Mask Edge Effects in Optical Lithography and Chip Level Modeling Methods
- Author(s): Miller, Marshal
- Advisor(s): Neureuther, Andrew R.
- et al.
This dissertation presents a full framework for modeling transmission effects due to three-dimensional mask topography in optical lithography from solving Maxwell's equations using rigorous simulation through fast-CAD for full chip level aerial image quality characterization in optical projection printing. As the semiconductor industry advances to the 22nm technology node where features are sub-wavelength, lithography imaging must be accurate to the nanometer. Non-ideal transmission caused by scattering off of mask edges has become an increasingly important source of inaccuracies in lithography modeling. Here mask edge effects are treated in two modules: modeling the near field scattering phenomena and then moving that information into fast-CAD first cut accurate simulation.
Phase errors induced by mask edges lead to an asymmetric behavior through focus, which when combined with polarization dependent effects lead to significant loss in the process window. Phase shifting masks, leveraging image benefits of 0 degree and 180 degree transmission, further complicate the interplay of partial signal delay and the resulting complex phase errors. It is shown that for even conservative imaging scenarios up to 40% of the focus latitude is lost.
Two methods for characterizing this scattering induced by mask edges are introduced.
The first is an experimental approach, which uses gratings to characterize the polarization dependent magnitude of these errors as might be utilized in an inexpensive mask monitoring apparatus. The second method examines the direct near field behavior with simulation, leading to more accurate phase information as well as guidelines for edge-to-edge cross-talk. A MoSi attenuating 180 degree phase shift mask was characterized in detail, with boundary layer values of about 20 nm (1/10 wavelengths) in mask dimensions even for high off-axis illumination. Non-attenuating chromeless masks and complicated mask stacks such as TaSiO2 showed significant electromagnetic errors as high as 1/4 wavelengths, suggesting that they are not viable for advanced lithography applications. Further, a study of a hypothetical thin phase shifting mask showed that the phase error effects is inherent to the use of neighboring phase wells, and cannot be remedied by material improvements.
The most significant contribution of this dissertation is the development of Source-Pupil Kernel Convolution with Pattern Matching (SP-KCPM) that connects the information gained from boundary layer modeling to fast-CAD pattern matching tools, achieving a 10^4 speedup compared to conventional imaging. SP-KCPM is built on a computational engine developed by Frank Gennari that optimizes the process of pixel based multiplication of a target pattern across large layouts. The degree of similarity is then used in SP-KCPM to estimate aerial image values. Full complex interactions are included, and along with a pupil-based framework enables more general imaging by including additional phenomena such as defocus, zernike aberrations, measured aberrations, and potentially resist and polarization effects without needing separate kernels or algebraic perturbations. Since the pupil calculation is generated automatically and can combine many effects, the need for deriving and confounding multiple physical phenomena has been eliminated. Proximity effects between features are also accounted for, removing the need for a prior image calculation or restrictions to a specific image contour. A new coherent source model combined with source splitting is used to generalize the aerial image quality assessment to distributed off-axis sources utilized in advanced resolution enhancement techniques.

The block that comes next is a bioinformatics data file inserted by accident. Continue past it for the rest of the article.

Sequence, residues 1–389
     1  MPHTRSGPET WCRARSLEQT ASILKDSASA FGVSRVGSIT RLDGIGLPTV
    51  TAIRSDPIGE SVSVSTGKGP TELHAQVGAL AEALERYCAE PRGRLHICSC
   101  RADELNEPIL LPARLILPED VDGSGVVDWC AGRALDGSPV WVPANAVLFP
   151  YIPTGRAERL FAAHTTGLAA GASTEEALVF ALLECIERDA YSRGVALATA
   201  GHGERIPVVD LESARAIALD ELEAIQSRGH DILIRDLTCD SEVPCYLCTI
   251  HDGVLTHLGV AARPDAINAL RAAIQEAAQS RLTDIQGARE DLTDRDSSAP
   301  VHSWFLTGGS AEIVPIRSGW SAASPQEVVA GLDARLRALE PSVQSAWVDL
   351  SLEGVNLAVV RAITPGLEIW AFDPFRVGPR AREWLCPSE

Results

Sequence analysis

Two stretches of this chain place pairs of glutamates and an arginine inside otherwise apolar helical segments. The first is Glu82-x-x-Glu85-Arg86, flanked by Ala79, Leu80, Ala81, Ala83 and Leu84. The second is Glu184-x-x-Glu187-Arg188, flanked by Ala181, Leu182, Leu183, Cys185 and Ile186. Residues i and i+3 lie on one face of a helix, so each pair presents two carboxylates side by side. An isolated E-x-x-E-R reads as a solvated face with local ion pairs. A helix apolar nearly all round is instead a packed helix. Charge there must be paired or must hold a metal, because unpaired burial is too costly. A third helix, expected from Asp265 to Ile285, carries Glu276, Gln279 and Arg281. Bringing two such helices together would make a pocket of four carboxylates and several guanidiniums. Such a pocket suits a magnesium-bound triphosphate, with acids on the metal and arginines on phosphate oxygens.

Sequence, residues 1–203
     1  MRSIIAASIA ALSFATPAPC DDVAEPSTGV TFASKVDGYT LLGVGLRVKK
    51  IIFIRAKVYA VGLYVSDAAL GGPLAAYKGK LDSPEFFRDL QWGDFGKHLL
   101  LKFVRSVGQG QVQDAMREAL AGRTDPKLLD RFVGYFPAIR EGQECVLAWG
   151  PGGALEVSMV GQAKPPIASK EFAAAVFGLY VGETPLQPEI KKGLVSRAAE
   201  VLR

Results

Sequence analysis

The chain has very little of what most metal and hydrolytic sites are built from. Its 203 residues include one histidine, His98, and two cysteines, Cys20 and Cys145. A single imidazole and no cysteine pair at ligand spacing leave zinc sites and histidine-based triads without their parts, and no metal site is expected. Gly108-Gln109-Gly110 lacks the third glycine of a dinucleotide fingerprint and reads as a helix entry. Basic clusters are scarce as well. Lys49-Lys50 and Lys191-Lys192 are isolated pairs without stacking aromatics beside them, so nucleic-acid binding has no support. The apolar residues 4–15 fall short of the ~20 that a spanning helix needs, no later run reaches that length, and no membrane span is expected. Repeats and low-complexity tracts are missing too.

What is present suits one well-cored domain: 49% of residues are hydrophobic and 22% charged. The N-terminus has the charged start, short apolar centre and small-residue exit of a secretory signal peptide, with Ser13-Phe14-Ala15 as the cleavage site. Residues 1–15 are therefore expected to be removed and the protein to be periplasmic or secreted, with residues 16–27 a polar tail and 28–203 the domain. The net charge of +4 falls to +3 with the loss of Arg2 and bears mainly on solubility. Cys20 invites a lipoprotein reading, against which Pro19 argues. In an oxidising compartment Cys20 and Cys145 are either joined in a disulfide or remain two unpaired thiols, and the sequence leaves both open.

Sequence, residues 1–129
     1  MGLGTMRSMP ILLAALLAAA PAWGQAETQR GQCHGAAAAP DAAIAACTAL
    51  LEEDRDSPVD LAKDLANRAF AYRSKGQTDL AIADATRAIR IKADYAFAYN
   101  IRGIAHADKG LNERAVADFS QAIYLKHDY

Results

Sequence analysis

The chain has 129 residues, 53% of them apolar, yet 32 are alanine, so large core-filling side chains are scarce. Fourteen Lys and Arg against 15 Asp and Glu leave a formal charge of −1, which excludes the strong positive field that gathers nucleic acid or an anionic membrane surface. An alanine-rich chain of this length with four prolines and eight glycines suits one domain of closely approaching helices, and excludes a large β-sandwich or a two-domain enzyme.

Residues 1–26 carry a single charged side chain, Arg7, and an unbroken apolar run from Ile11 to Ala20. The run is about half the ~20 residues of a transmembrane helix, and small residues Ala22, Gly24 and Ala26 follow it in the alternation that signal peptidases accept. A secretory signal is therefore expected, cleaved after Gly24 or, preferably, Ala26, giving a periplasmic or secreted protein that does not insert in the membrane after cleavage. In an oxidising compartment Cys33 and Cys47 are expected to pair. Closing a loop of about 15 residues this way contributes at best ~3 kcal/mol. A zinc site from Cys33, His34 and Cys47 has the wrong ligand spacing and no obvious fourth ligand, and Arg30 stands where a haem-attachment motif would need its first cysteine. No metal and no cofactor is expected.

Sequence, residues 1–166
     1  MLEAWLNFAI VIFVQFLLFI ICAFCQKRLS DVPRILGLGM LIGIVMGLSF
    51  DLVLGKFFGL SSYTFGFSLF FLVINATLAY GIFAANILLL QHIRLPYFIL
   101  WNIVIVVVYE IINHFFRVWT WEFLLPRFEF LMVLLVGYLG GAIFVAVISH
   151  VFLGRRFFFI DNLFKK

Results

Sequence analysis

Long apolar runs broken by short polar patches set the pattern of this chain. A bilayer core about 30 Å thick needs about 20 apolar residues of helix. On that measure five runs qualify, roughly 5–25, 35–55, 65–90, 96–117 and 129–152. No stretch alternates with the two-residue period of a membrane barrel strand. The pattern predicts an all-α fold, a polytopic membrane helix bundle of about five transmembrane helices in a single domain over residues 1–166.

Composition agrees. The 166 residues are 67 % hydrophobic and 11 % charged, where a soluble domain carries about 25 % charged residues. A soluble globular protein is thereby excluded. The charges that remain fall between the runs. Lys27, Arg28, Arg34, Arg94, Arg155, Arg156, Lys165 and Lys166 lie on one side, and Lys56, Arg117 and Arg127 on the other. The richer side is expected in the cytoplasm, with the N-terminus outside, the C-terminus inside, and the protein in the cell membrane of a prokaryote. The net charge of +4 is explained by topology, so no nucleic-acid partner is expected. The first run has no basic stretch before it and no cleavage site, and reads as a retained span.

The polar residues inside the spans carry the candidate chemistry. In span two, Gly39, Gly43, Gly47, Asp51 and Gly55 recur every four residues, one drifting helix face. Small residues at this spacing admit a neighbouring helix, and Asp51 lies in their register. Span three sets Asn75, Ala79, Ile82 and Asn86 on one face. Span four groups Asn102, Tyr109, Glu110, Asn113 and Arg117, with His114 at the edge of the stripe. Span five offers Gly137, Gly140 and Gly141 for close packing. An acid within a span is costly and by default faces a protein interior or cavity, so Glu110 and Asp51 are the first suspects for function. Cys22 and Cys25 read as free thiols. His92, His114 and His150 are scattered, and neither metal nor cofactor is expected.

This distributed source-pupil based convolution method has guaranteed impressive accuracy well beyond that historically reported for kernel convolution pattern matching methods at full chip speeds, thus enabling many new applications. Careful implementation considerations such as pattern size, gridding, normalization, and source clustering guided the development of a very accurate system. For various sources, dipole, annular, quad, and pixelated optimized sources, R^2 correlation is shown to be above 0.99. Additionally, effects of defocus, zernike aberrations, background aberrations, and asymmetric sources have all been shown to be accurate.
As an example of new applications, SP-KCPM was tested on highly pixelated sources used in source-mask-optimization, and accuracy of R^2 = 0.99 was achieved on general layouts by splitting the source into 12 regions. This capability is used to demonstrate the ability to make decisions between source distributions and mask blanks. Realtime tracking of mask changes facilitates further applicability in optical proximity correction is sufficiently fact for interoperability as part of an optimization scheme. Hotspot detection is used to quickly make decisions between sources or mask types by assessing the impact an optimized source solution over a larger non-optimized layout region. Real time tracking of mask changes opens the door for SP-KCPM to be used for optimization techniques and optical proximity correction (OPC). SP-KCPM is shown to be a general tool, useful wherever fast imaging is at a premium with applicability in many forms of optical imaging such as inspection and character recognition, in addition to standard projection printing.